home and Garden
To Growing Your Own Vegetables
What you decide to plant will be somewhat dictated by the space you have. If you do not have garden beds you can grow vegetables in window boxes, pots or grow bags. These need to be big enough not to cramp a plant’s roots nor dry them out at the first sign of any sun. The greater the soil depth the better, although a minimum of 15cm is enough for salads. Vegetables will grow best in a sheltered and sunny spot.
Soil is fundamental to the health of what you grow. To make sure you have the fertility required to grow lots of produce, add compost. This can be made in home compost heaps or bought from garden centres. Better use “organic” composts made without manmade, resource-hungry fertilizers.
To give young plants the best odds of survival against their main nemesis, the slug, we recommend sow most vegetables in small pots, somewhere where’s lots of light indoors or in a greenhouse. Starting plants off indoors means you can control conditions when they are at their most vulnerable.
To give a plant a good start, sow the seed into fine compost – this is usually called seed compost and is available at garden centers. All of the vegetables here can be started in 10cm pots. Once a plant has four or five leaves it can be planted outside in a chosen optimum position at its required spacing.
In return for all the harvest, soil needs to be nurtured by applying composted organic matter to aid structure and maintain fertility. Here our three recommendations to grow now selected them for their bounty and beauty. They can give a great return even on a small scale.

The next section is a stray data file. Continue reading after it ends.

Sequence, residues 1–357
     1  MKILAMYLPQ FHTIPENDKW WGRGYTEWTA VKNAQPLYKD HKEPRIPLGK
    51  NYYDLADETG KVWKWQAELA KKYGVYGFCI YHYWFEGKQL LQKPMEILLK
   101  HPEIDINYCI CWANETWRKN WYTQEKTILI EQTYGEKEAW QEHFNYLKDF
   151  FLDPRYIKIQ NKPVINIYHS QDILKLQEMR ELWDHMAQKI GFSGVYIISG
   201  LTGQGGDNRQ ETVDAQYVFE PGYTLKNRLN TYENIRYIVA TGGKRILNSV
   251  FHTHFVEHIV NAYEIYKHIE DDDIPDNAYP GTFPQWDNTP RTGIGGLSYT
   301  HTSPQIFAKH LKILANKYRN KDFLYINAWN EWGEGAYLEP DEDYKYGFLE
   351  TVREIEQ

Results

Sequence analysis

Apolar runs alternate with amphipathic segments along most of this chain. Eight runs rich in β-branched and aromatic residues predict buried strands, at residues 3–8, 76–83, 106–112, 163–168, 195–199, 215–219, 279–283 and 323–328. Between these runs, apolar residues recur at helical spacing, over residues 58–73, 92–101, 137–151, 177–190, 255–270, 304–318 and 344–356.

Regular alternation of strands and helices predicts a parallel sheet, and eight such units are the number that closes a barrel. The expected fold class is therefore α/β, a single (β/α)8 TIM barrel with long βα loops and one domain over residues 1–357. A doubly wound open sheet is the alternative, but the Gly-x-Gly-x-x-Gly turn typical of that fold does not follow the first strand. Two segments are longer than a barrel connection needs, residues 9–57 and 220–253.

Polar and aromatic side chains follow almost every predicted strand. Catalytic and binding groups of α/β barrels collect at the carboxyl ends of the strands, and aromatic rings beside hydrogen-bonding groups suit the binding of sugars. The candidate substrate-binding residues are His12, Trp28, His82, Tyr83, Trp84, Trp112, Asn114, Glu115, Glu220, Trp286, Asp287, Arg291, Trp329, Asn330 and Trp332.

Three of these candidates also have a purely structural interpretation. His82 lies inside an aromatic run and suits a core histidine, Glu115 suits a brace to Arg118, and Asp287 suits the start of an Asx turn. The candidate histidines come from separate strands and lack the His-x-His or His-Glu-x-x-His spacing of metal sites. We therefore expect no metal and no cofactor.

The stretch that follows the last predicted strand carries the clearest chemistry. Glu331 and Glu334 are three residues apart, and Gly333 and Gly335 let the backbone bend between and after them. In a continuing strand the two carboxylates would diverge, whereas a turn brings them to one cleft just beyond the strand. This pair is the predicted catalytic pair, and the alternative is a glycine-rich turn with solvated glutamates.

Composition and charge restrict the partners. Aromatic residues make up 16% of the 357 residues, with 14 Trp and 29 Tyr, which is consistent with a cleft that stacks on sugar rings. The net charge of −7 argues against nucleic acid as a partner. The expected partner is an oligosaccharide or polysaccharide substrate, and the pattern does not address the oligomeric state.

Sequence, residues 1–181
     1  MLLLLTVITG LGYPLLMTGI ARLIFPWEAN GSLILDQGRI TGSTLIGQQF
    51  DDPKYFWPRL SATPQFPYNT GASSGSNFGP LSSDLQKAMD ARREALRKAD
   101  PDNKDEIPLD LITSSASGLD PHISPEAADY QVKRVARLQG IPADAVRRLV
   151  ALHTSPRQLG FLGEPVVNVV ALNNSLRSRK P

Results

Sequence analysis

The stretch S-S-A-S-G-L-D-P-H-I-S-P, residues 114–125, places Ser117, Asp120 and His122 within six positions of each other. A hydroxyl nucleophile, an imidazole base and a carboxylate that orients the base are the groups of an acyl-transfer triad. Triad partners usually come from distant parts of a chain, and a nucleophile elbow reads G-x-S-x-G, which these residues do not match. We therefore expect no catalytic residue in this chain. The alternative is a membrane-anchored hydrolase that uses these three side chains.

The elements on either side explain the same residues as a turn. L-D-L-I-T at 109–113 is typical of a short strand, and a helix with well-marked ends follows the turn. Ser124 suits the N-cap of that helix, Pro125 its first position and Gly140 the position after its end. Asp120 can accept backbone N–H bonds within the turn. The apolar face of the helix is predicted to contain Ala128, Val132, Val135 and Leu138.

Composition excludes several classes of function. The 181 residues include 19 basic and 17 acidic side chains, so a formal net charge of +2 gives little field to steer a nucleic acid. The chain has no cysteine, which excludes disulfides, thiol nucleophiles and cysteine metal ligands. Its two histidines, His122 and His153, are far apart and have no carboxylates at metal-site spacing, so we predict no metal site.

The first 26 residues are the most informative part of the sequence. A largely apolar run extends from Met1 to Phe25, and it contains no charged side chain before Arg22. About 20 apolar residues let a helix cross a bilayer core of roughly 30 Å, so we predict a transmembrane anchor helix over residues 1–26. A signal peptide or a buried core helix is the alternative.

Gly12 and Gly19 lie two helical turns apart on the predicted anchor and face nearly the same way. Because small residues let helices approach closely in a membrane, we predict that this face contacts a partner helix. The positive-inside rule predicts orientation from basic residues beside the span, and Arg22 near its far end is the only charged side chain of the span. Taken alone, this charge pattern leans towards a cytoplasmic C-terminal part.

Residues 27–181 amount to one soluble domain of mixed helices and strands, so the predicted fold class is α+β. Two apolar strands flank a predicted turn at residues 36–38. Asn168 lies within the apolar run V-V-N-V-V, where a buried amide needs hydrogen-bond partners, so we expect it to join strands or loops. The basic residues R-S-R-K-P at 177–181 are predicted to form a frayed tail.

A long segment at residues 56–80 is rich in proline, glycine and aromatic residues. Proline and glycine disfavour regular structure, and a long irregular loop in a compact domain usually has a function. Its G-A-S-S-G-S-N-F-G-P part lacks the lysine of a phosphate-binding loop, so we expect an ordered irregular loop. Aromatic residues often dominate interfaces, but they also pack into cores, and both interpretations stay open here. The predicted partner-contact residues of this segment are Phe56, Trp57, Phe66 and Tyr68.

Lettuce is a brilliant vegetable to begin with if you have never grown anything before. It can be grown in a window box if space is limited and you can harvest outer leaves as you need them without pulling up the whole plant. Having a living salad larder on your window sill or raised bed can be very handy during the summer months.
Start the seeds off indoors then thin out the seedlings when you plant them outside. The amount of space you give them will dictate the size of their leaves. For whole heads of lettuce, plant each seedling approximately a lettuce width apart
Tomatoes are our favorite vegetable to grow. Because of our temperate climate they require nurture and protection through their first few months. In order to get a ripe crop before autumn they need to be well established plants by May/June. Seed sown in late winter can be raised indoors, in good light. Alternatively, buy potted plants in May to be replanted outside in a sunny, sheltered position after the last spring frosts. Tomatoes require a lot of vertical space – as they grow taller, plants become unable to bear their own weight so need to be supported. In greenhouses, they can be grown up strings tied to the roof supports. Outdoors, they can be tied to canes or grown with supports against a sunny wall.
To channel a plant’s energy into producing fruit, it will need to be pruned regularly. To greatly increase your yield of fruit, remove all tomato “side shoots”. These are the shoots that continually grow at a 45º angle between the main stem and plant branches. Twisting them out will greatly increase your yield. By the time a plant has two fruiting trusses (branches with fruit on), I prune off all lower leafy branches up to the second truss. This will allow good air flow and light to reach the pruned plant, which in turn will help prevent disease.
If you have a bit more space (each plant needs to be about 60-70cm apart) or a large pot, zucchini are extremely satisfying to grow. Initially sown indoors in pots, they emerge almost overnight, eventually producing large Gaugin-like leaves after they have been planted outside. Finally they send out beautiful tubular yellow flowers, the female of which will produce fruit. Zucchini like full sun, well composted fertile ground and regular watering in dry weather.
The flowers are also a delicacy, torn into salads, stuffed with goat’s cheese or fried in tempura batter.